Las Vegas, N.M. – New Mexico Highlands University presents the art exhibit, Reflections of the West, featuring artists such as nationally known sculptor Duke Sundt, with an opening reception Aug. 4 from 4 – 7 p.m.
The free exhibit, which coincides with Las Vegas Heritage Week, is in the university’s Kennedy Alumni Hall at 905 University Ave. It continues through Aug. 28.
“This exhibit reflects the spirit of New Mexico, which will cause some people viewing it to reflect upon their own memories and experiences of our state,” said Sundt, who also curated the exhibit. “There’s a wide variety of Western Americana subject matter such as cowboys and cowgirls at work, wildlife, landscapes and ranching life.”
Sundt said he wanted to highlight the talent of Las Vegas, New Mexico area artists in the exhibit.
The local artists include painters Kimberly Reed-Deemer and Gary Morton; photographers Elaine Querry and Scott Vail; sculptor Noble Brooks Read; and Linda McThoy Cobb’s drawings.
Other New Mexico painters featured include painters Ron Kil of Santa Fe and JaNeil Anderson of Red Rock.
“I was struck with how every artist in this exhibit is passionate about their subject matter and method of expression. I’m proud of these colleagues and their work,” Sundt said.
Many of the pieces in the Reflections of the West exhibit are available for purchase.
Sundt, 69, is best known for his bronze cowboy sculptures that have been featured in national magazines like Time and Western Horseman. The life-size bronze longhorn sculpture he created for the University of Texas Centennial made the cover of Sports Illustrated.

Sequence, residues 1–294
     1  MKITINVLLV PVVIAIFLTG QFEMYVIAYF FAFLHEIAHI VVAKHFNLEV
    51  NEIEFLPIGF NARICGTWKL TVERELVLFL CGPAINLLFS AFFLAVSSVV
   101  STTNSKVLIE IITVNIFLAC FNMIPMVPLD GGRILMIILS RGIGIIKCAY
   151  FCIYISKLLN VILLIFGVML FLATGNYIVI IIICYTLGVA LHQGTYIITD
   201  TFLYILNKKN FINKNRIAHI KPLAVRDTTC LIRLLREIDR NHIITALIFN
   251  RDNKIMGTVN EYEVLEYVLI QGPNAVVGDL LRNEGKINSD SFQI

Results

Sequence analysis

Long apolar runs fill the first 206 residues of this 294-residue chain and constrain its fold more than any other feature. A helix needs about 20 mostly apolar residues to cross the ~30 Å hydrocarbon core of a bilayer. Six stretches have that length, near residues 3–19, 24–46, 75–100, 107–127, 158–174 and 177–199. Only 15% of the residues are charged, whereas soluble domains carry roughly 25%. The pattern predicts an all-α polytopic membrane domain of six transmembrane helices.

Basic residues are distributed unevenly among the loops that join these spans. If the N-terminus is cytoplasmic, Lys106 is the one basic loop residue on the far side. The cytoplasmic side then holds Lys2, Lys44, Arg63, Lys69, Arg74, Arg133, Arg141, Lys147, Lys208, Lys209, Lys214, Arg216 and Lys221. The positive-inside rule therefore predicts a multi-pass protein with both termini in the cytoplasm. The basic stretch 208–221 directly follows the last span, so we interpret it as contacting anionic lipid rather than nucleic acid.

Sundt grew up in a military family and is also known for his sculptures that honor U.S. soldiers like the massive 14-foot tall Vietnam Veterans Monument at the Texas State Capitol. His current project is a monument to the U.S. military Gold Star families whose children died during military service.
His own roots are in ranching. As a teenager, Sundt spent summers at the family ranch in Sapello Canyon near Las Vegas. After stints on the rodeo circuit and as a ranch foreman, he earned his BFA from New Mexico State University in 1972. He has lived in Las Vegas ever since.
“I was always drawn to sculpting. After working the rodeo circuit, I chose the next hardest way to make a living: being an artist,” Sundt said.
He has six tabletop sculptures in the exhibit, such as “Cow Pasture Nightingale” that depicts a cowgirl doctoring a calf, “National Anthem” with a rodeo bronc rider holding his hat over his heart during “The Star-Spangled Banner,” and “The Loner” featuring a male mountain lion scanning his surroundings.
The Kennedy Alumni Hall is open Monday – Friday 8 a.m. – 5 p.m. and Saturdays 10 a.m. – 4 p.m.